Oil Search has been in business since 1929. Today, as one of Papua New Guinea’s (PNG) largest companies, it operates all of its home country’s oil and gas fields. The company has a 29% interest in a local Exxon Mobil led-LNG project which is anticipated to double PNG’s GDP when production exports plateau in 2014. Oil Search is publicly listed on both the Australian and Port Moresby Stock Exchanges and majority ownership is held by the PNG government.
The subtitle of Oil Search’s first corporate responsibility report, Helping create a sustainable future in PNG, might seem an odd choice for an oil and gas company with significant investment in the controversial coal seam gas industry. Indeed, Oil Search spends much of the report explaining what sustainability means to the company. It’s of the social variety, the health and wellbeing of the people of Papua New Guinea. Social development, education and medical initiatives for employees and the communities in which Oil Search operates, and respect for local traditions are all hot button issues to which the company has devoted much page space. Keeping with the theme of social sustainability, Oil Search has chosen to report socio-economic indicators in line with the Millennium Development Goals - sending a clear message to readers that the company takes its role as a major player in the PNG community seriously.
This is not to say that other aspects of sustainability are not well covered. In response to lobbying from Australian Ethical Investment and The Climate Institute, Oil Search agreed to disclose its carbon reduction strategy - clearly a sensible decision as PNG, a small island developing state, is particularly vulnerable to the projected impacts of climate change. Governance issues regarding the distribution of assets from mining and exploration to the community are also a key focus.
The report states that sustainability has been a focus for the company over the past 20 years and interestingly for a first report, initiatives delivered over 4 to 5 years as well as those planned to address specific issues in the future are reported. Indicators of performance since 2006 are also listed, confirming much work on driving non-financial performance has been going on ‘behind the scenes’ for some time.
As Oil Search becomes a more mature reporter, the graphic design and functionality of its reports might become more finessed. This year’s report, an interactive pdf, suffers from being text-heavy in parts. Pages filled with words are followed by full page photos. Readability would have benefitted from a greater mix of the two elements.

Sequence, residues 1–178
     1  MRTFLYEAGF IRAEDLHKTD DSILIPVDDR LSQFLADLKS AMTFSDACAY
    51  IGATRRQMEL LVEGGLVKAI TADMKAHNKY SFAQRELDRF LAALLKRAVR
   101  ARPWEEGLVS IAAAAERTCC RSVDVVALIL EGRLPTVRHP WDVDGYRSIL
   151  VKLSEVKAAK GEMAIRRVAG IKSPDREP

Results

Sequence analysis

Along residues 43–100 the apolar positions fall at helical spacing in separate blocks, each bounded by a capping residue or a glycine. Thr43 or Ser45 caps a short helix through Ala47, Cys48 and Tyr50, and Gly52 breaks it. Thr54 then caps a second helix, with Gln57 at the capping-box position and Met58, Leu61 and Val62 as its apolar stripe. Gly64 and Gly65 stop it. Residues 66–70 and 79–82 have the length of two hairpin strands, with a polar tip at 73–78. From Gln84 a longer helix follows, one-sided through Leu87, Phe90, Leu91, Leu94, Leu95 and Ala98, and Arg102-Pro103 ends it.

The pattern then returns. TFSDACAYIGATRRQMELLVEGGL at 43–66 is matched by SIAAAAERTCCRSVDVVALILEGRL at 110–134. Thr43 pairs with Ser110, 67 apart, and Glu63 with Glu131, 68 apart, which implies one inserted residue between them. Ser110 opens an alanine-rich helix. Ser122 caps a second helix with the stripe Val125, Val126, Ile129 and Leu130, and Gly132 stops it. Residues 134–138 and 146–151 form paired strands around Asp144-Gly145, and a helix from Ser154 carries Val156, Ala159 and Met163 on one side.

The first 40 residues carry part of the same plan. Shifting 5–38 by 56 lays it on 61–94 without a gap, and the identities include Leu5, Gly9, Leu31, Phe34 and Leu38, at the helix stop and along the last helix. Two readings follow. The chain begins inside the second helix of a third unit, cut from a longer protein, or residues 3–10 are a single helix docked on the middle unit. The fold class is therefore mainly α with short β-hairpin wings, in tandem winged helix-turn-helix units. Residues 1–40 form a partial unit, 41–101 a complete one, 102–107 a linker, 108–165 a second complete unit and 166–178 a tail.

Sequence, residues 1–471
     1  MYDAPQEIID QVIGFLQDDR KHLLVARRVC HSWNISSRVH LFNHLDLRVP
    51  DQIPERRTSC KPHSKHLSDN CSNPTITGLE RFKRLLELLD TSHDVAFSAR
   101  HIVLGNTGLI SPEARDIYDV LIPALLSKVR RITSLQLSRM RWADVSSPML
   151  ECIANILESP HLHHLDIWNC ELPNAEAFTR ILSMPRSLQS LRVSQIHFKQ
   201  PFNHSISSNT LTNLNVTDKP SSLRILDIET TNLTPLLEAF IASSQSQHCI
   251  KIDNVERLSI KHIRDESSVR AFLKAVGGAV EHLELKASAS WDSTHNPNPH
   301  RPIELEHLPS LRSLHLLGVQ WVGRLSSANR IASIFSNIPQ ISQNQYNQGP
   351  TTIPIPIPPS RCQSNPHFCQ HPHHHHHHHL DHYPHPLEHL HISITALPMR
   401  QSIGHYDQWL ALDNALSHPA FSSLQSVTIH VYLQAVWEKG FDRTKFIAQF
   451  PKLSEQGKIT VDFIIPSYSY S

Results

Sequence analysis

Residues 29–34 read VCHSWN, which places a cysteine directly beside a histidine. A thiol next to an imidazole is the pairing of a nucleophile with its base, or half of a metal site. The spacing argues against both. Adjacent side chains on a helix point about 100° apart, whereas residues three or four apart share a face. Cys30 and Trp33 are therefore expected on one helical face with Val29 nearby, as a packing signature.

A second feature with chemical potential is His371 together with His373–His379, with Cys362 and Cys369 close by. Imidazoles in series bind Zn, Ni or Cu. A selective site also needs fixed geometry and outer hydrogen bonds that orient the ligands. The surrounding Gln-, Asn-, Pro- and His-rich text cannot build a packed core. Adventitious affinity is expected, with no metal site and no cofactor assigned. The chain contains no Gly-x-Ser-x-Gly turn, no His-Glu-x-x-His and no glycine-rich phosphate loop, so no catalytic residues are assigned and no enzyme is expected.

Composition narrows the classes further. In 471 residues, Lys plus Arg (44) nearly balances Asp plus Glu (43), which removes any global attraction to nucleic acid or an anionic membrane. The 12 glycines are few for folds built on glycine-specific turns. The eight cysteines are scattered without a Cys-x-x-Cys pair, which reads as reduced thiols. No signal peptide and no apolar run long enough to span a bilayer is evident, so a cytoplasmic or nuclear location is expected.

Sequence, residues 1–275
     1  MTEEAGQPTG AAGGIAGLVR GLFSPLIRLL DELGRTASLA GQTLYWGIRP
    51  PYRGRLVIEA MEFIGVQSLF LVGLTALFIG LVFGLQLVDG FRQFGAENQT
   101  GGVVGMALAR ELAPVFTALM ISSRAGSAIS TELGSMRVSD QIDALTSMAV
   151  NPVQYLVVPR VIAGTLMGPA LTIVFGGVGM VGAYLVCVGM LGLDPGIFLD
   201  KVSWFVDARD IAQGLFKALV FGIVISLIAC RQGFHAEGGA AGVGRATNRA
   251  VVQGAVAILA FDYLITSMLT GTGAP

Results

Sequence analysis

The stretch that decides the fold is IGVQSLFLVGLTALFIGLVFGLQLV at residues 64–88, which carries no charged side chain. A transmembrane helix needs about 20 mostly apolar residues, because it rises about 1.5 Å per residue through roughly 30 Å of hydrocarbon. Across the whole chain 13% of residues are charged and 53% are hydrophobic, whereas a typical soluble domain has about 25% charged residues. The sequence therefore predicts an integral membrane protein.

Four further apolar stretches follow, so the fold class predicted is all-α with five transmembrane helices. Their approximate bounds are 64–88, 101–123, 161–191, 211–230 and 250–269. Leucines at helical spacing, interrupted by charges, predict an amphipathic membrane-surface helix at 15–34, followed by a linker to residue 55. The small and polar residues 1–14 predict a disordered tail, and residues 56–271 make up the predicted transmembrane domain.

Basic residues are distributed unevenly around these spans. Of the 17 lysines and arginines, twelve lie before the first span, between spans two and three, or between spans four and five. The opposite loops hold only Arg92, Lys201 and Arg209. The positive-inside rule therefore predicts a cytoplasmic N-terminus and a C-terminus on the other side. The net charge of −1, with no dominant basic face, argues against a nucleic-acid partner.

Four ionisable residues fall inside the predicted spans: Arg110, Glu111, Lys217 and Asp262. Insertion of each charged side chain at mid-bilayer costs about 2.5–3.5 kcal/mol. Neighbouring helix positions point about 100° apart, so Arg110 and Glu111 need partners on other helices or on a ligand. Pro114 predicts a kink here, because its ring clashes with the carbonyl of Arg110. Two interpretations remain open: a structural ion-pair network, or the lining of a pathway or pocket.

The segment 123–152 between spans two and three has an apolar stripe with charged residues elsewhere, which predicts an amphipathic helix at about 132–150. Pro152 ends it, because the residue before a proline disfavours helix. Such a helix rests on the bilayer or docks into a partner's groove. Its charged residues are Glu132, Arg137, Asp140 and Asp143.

Twenty five pages of this 100 page document are spent introducing the company and explaining its significant role in PNG society and economy. Much detail listed in the annual report is repeated in the dedicated corporate responsibility report. In future, as readers of sustainability reports become familiar with this organisation, there will be no need for such an approach. Referring readers to websites and other sources for existing, background information is a great way to make sustainability reports more accessible.
The objectives set by the company for future performance focus on initiatives to be delivered. Changing the focus to detail the outcomes Oil Search wishes to achieve will help confirm to readers that the company has a clear understanding of what it means to build a sustainable future - whether social, environmental or as a responsible corporate citizen in a developing country.
The report includes a matrix which lists each stakeholder group, engagement methods, issues raised and the company’s response. This latter item, so crucial to demonstrating transparency and securing stakeholder trust, is too infrequently reported.
Yet, elsewhere within the report, Oil Search states there is significant ‘room for improvement’ in the way in which it engages stakeholders. A core objective for 2011 is to develop and execute a formal Stakeholder Engagement Plan. Oil Search, like other mining companies in the Australasian region, seems to be leading the way in community dialogue compared to peers from other sectors.
Measured language throughout this first report demonstrates to the reader that the company has taken a balanced approach to its dialogue with stakeholders. The company’s challenges and its responses are presented in a clear and straightforward manner. It’s a GRI self-assessed application level ‘B’ report, and the company is upfront about the deficiencies in its data collection systems (such as the inability to collect comprehensive GHG data or information on operations outside of PNG). This gives confidence that the company will work on addressing these gaps for future reports.
• Continued and consistent explanation of the organisation’s understanding of sustainability is critical. Explore ways to make Oil Search’s communications more succinct and use cross-platform functionality to minimise duplication.
• Make the report more focussed and less lengthy. Readers are most interested in recent performance, not the history of the company.
• Design and editing are crucial in getting the report read.
Katherine Evans is a Consultant at Net Balance, a sustainability advisory services firm with offices in Melbourne, Sydney, Brisbane and London. www.netbalance.com